Due to the cost of unsecured cards that target those with little or bad credit, many turn to secured credit cards. Secured credit cards do require a deposit, usually ranging from $200 to several thousand dollars, depending on the deposit requirements of the issuer.

The deposit stays in an account, and the purpose of the deposit is to decrease the risk for the lender. If you don’t pay for the purchases you made with your secured credit card, the financial institution will use your deposit to pay it off.

When you get approved for a secured credit card, you’ll receive a credit card that looks just like an unsecured credit card. There’s no visible clue that the card is secured.

The amount of your security deposit is usually equal to the credit limit for your new secured card. You’ll use your secured credit card just like you would an unsecured card. You can use it for purchases everywhere that accepts your secured credit card.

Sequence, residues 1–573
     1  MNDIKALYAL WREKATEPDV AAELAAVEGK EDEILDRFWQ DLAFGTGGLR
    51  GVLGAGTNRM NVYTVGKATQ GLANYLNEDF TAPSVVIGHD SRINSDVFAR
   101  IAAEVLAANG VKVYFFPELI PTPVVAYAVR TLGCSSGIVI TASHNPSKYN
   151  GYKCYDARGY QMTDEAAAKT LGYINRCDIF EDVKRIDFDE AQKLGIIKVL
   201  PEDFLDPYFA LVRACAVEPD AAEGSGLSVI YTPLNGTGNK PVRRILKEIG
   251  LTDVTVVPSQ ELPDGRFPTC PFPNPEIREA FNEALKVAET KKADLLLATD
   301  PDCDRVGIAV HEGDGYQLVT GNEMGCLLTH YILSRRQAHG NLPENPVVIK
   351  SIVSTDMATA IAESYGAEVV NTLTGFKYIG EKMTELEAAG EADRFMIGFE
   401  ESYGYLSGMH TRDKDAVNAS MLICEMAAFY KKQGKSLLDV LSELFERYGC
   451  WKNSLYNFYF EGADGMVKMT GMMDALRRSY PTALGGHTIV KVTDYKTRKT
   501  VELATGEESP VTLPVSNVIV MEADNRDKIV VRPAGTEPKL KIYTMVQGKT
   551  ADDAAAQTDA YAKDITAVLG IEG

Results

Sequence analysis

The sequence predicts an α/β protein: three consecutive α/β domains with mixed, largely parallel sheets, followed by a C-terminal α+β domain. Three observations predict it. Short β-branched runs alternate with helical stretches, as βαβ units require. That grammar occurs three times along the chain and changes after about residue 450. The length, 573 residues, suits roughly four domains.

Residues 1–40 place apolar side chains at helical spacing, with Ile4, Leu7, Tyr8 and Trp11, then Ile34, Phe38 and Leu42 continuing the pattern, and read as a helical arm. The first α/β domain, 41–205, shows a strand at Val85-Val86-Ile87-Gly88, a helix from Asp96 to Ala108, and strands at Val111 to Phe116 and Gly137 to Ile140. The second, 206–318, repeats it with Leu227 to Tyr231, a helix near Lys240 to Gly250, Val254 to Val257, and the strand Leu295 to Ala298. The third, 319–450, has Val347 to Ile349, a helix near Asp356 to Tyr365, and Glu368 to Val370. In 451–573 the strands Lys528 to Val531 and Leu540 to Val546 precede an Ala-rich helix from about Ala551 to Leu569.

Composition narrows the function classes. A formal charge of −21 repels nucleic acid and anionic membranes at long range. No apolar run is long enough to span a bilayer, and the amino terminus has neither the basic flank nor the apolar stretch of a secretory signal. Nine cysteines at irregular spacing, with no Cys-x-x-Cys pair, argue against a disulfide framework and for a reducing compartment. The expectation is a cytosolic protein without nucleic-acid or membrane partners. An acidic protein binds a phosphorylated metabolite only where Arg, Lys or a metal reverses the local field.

Just to be clear, your security deposit stays in an account with the issuer. You’ll make payments on your balance from one of your own bank accounts. So, you’re actually buying things on credit.

Most secured credit card issuers report your payment history to the three major credit bureaus: Equifax, TransUnion and Experian. If you can’t find confirmation on the card’s home page that payment history is reported, call the issuer to make sure it’s the policy.

When your secured card’s bill comes, you must pay the bill by the due date. If you pay your balance in full, you’ll avoid paying compound interest. If you consistently make on-time payments and keep low balances on your card during the month, your credit score will begin to increase.

Secured credit cards have many advantages, but there are also downsides to this type of credit card.

  • Secured credit cards help you build credit and develop a good credit score.